Injury to the higher thoracic region (the T1 to the T6 vertebrae) causes a complete loss of function and sensation below the mid-chest meaning abdominal muscle is diminished providing little or no trunk control and poor balance when sitting. Bladder and bowel functions may no longer work properly.

Damage in the lower thoracic region causes a loss of function and sensation in the legs although abdominal muscle strength is preserved so there is good balance when sitting along with some general movement of the trunk.

There are also a number a secondary effects following paraplegia including:

  • Chronic nerve pain
  • Deep vein thrombosis
  • Fertility problems
  • High blood pressure
  • Osteoporosis
  • Pressure sores
  • Spasticity

Treatment comprises of a stay in a specialist spinal hospital for up to five months during which time extensive rehabilitation comprising of helping the patient adapt to their injury.

After leaving hospital complete paraplegics can usually achieve a level of self-care using a self-propelled wheelchair. In some cases walking a short distance is possible with aids and equipment.


Tetraplegia is where there is a complete loss of function and sensation in the arms, body and legs which typically happens when there has been a severe injury to the cervical region. The higher the site of injury the more severe the loss of function.

Symptoms can include:

  • Complete paralysis of arms, body and legs
  • Inability to breath without assistance
  • Loss of bower and bladder function
  • Inability to transfer independently

In cases where the damage to the spinal cord is lower down the cervical region, there may be some limited use of limbs.

There are a number of secondary effects following Tetraplegia including:

  • Deep vein thrombosis
  • Fertility problems
  • Frozen joints
  • Pressure sores
  • Pneumonia
  • Spasticity
  • High blood pressure

Treatment comprises of a stay in a specialist spinal hospital for up to 12 months. Thereafter an extensive care regime with an emphasis on avoiding secondary symptoms is required, for example regularly moving the patient to prevent pressure sores from occurring.

Incomplete spinal cord injury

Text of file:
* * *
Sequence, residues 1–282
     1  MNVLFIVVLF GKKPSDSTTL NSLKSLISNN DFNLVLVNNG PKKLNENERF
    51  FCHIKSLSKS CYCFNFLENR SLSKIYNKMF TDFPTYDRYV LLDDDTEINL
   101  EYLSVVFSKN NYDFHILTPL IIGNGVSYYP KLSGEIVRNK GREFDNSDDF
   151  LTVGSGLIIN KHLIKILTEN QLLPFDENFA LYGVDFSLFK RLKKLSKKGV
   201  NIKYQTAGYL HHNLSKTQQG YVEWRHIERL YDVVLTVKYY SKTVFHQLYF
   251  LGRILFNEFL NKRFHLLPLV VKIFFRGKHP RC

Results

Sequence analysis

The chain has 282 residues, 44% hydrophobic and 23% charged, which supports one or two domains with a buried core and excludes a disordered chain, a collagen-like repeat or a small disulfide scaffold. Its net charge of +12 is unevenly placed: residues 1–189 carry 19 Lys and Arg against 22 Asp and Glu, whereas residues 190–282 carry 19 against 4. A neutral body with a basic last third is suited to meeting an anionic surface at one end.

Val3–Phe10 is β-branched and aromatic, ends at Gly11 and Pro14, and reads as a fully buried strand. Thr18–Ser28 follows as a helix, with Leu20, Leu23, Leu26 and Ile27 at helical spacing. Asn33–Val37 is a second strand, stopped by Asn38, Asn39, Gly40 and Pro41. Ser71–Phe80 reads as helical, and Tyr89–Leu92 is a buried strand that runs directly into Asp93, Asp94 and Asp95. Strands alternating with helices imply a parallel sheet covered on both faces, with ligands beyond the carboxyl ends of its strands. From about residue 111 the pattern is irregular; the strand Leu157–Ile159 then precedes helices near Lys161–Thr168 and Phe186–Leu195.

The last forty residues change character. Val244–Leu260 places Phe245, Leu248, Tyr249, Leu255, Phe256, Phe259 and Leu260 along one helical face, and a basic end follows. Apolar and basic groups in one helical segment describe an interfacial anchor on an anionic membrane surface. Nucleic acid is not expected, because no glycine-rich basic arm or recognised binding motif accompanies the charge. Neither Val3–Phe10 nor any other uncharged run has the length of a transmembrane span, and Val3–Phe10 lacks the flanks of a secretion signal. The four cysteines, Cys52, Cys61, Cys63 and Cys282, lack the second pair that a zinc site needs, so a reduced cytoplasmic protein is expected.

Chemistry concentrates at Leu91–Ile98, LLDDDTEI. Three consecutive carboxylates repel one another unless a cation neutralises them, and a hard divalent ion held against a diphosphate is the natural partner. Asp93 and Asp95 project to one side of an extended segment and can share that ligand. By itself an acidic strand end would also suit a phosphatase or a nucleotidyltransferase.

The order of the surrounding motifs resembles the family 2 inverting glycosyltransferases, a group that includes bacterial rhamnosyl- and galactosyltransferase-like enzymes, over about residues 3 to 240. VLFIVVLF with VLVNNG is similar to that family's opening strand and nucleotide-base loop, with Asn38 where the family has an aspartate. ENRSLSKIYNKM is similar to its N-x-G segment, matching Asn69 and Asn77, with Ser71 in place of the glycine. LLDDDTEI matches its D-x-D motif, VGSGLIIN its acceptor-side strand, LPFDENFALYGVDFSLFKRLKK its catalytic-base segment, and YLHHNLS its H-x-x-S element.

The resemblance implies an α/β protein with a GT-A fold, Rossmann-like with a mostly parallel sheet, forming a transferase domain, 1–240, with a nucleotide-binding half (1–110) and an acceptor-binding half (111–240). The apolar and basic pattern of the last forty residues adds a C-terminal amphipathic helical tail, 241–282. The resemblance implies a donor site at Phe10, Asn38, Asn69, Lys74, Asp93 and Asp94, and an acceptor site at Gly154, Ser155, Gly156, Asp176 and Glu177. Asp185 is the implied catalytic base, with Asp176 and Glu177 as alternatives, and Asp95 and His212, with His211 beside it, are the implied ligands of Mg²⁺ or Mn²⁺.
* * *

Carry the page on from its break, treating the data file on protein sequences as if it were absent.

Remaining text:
Incomplete spinal cord injuries mean that the spinal cord remains intact often meaning that some limited mobility or sensation remains.

If spinal shock has occurred, symptoms exhibited immediately post injury (including paralysis) may improve with some movement and sensation returning in time.

Incomplete spinal cord injuries are typically classified into the following categories:

Anterior cord syndrome

This injury happens when an impact is strong enough to damage the artery that runs along the front of the spinal cord, perhaps by a fragment of broken bone or a slipped disc.   This case lead to a loss of feeling of temperature and vibration.

Central cord syndrome

This is an injury to the nerves at the centre of the spinal cord preventing the brain sending information down the spinal cord to the rest of the body. Damage to the central cord can impact on arm function in addition to bladder and bowel control.

Posterior cord syndrome

This is an injury to the back of the spinal cord which often mean that the patient can continue to move but lacks limb control and coordination.

Brown-Sequard syndrome

Injury occurs to one side of the spinal cord often leading to a complete loss of movement on one side of the body but with preserved sensations of pain and temperature.

Cauda equina syndrome

The cauda equina is a mass group of nerves in the lower back area. Once trauma is suffered the nerves are compressed often causing severe lower back pain. It can cause bladder and bowel dysfunction.